How to create characters
Read advice on crafting compelling characters from award-winning novelist Ross Raisin
Characters are the lifeblood of fiction. They are primary to our understanding of and our emotional response to a narrative. We can all think of characters from our reading past that have stayed with us, moved us, altered our perception of the world – and we can probably also come up with reasons why those particular characters affect us so much. There is, however, no useful, honest, general guide to the creation of compelling characters, precisely because characters are themselves individuated. Which, in essence, is the most important characteristic of every character you will ever write.
This is, I would argue, as true of a character who appears in only a single sentence as it is of a central protagonist who is present on every page of a 300,000-word novel. Even if we glimpse only a fragment of the life of a character, we should still be able to imaginatively grasp the whole of that life. I have never thought of bit-part characters as having a function, a one-note role to play – E. M. Forster’s theory of ‘flat’ characters, easily recognizable types who carry the purpose of a joke or a plot point in their orbiting of ‘round’ characters, the major players. I believe that if you think of any character as a device, so will your reader. You cannot design a character, of any size, to fit the story. Writing good fiction is not as conveniently neat as that. Characters are the story. To calculate and project them onto a narrative before actually starting to write their stories is a bit like sellotaping swatch samples to an expanse of wall that you intend to paint. You never really know how it’s all going to work out until you begin colouring it in.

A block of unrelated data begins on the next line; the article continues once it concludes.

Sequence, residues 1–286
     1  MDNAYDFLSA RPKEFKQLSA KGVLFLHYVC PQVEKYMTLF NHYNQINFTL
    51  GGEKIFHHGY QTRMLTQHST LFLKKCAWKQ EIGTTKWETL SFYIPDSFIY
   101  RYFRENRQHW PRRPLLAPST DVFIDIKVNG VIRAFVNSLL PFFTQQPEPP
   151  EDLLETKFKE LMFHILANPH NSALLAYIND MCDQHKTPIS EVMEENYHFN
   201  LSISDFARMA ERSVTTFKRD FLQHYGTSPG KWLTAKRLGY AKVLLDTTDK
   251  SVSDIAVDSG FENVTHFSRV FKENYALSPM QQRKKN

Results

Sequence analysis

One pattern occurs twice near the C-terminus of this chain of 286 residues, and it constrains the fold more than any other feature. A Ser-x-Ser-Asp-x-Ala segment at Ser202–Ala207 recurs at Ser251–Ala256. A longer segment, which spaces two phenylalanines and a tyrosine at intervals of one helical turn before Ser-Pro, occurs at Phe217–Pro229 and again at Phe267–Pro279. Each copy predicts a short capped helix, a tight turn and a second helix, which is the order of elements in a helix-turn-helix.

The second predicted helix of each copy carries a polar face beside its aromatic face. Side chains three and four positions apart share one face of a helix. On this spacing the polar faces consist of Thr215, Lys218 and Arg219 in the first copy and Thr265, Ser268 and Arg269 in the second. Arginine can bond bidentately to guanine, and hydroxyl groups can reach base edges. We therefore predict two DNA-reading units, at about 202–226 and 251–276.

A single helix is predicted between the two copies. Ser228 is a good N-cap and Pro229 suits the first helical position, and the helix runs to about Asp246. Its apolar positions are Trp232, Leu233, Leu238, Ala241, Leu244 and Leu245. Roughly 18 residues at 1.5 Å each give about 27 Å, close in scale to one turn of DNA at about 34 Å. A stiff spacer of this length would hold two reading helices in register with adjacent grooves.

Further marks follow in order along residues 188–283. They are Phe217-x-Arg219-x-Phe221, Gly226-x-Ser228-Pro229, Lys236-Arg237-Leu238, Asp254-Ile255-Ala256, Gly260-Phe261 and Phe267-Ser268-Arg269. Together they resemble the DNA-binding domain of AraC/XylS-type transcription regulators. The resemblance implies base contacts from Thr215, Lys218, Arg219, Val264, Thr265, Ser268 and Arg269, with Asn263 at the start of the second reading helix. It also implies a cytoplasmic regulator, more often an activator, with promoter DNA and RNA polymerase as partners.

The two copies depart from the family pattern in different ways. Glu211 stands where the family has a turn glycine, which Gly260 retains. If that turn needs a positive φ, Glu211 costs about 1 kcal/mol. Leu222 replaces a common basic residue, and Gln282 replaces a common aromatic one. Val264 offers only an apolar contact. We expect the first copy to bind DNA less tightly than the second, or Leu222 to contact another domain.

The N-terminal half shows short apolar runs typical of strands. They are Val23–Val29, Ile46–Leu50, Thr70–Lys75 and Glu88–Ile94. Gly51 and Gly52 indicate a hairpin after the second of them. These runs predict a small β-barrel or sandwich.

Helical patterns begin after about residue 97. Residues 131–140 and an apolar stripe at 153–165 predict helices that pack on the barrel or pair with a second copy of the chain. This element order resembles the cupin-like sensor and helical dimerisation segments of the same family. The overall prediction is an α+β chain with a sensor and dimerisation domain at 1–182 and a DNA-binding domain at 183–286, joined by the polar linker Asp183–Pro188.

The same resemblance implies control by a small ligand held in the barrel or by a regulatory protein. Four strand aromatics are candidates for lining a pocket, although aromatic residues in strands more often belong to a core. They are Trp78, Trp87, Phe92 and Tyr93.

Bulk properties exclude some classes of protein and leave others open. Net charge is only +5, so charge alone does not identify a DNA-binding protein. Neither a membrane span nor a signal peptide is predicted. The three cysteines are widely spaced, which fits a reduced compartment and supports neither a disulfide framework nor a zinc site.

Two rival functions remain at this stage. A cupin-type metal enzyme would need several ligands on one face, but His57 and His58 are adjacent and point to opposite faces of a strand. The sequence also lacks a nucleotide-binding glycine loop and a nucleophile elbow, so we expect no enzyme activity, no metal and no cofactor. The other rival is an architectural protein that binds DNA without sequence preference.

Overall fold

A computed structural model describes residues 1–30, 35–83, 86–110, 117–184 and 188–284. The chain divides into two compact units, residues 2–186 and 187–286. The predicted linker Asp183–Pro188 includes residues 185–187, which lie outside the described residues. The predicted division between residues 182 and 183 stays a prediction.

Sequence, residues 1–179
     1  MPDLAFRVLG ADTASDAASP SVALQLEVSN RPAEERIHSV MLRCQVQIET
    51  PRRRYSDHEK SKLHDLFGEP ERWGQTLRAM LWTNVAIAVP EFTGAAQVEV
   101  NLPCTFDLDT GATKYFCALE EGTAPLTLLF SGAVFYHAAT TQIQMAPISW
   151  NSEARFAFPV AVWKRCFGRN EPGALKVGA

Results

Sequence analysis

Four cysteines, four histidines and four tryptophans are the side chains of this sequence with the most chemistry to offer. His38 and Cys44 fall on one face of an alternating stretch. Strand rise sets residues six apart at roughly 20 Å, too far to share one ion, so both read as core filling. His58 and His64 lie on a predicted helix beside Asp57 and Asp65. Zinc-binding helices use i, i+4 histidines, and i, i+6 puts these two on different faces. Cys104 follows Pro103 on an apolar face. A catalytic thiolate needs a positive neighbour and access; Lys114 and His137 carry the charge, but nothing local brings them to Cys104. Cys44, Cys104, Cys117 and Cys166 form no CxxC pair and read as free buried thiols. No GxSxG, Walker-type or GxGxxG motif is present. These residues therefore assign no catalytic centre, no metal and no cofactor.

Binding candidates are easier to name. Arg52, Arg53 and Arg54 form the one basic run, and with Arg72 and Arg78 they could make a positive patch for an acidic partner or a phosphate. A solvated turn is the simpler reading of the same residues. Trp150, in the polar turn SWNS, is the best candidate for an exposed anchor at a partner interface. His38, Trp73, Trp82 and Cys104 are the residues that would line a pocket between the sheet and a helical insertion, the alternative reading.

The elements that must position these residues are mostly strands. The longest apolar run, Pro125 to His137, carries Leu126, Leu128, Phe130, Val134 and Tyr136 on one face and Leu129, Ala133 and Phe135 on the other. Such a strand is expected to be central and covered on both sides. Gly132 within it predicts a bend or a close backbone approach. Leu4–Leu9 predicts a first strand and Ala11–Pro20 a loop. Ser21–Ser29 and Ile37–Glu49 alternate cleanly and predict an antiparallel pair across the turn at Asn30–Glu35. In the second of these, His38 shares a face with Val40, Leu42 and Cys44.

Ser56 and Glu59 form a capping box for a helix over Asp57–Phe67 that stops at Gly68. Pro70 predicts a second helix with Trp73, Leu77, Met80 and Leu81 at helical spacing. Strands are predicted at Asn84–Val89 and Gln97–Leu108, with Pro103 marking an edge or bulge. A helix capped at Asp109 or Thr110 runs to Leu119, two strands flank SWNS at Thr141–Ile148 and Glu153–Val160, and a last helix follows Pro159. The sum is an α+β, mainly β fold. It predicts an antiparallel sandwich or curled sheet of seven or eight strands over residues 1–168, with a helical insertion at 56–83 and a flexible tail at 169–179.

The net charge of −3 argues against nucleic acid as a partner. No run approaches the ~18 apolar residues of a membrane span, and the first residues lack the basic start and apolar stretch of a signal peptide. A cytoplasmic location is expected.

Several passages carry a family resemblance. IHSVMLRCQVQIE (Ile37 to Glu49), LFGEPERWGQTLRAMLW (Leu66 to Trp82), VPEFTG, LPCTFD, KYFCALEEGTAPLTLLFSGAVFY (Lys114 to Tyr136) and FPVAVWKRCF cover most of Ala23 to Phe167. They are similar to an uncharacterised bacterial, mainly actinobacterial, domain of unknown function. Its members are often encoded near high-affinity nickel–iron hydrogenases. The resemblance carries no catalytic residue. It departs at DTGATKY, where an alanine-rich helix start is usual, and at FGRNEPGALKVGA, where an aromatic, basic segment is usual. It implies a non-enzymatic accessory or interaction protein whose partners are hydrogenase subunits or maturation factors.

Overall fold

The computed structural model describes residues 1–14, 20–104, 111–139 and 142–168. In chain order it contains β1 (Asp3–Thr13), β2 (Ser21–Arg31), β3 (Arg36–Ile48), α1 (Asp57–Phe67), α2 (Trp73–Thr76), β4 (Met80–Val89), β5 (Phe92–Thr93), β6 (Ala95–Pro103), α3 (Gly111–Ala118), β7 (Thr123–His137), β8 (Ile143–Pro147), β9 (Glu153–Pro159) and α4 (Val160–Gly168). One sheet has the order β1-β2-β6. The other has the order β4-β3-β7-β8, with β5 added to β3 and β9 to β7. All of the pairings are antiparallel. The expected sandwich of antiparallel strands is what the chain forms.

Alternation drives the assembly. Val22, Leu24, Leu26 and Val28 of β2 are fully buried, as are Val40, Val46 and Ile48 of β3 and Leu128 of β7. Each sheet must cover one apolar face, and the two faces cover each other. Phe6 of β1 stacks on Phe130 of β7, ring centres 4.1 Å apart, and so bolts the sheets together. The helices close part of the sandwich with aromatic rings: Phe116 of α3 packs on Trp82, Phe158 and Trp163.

Because capturing the full intensity of a life can seem like a pretty daunting task, it may well feel tempting to break down your approach to character creation into a set of considerations: this is the character’s inner conflict; this is what the character looks like; this is the character’s family, education, class, romantic background; this is what they might have in their pockets; and so on. The shortcoming to thinking about characterization as the management of constituent parts, though, is that they turn into different variations of the same building blocks, like Lego figures.
This is where drafting comes in. You may well write many pages of a first draft that are later discarded, but the writing of those pages will develop your knowledge of characters, so that even if some specific events and motivations and backstories do not find their way into the eventual text, the underlying energy of them will. Furthermore, developing characters on the page of a draft, rather than in a notebook, will engender greater complexity than a simple flat /round distinction. Characters who you might at first have imagined to be central, and given thousands of first-draft words to, might in the final reckoning appear only in passing – in a sentence that carries the import of all that imagining you have already done. Or, a character you once thought would be peripheral might grow into the lead.
It’s all very well knowing what’s in their pockets, but it is language that will animate them. So put the sketchbook down and get writing. Get the characters moving with words.
Read This If You Want To Be A Great Writer is published by Laurence King.
If you want to read more of Ross's excellent creative writing advice, you can get 35% off this title by buying it on www.laurenceking.com and quoting the code WRITINGMAG. The offer is valid until 31 December 2108.
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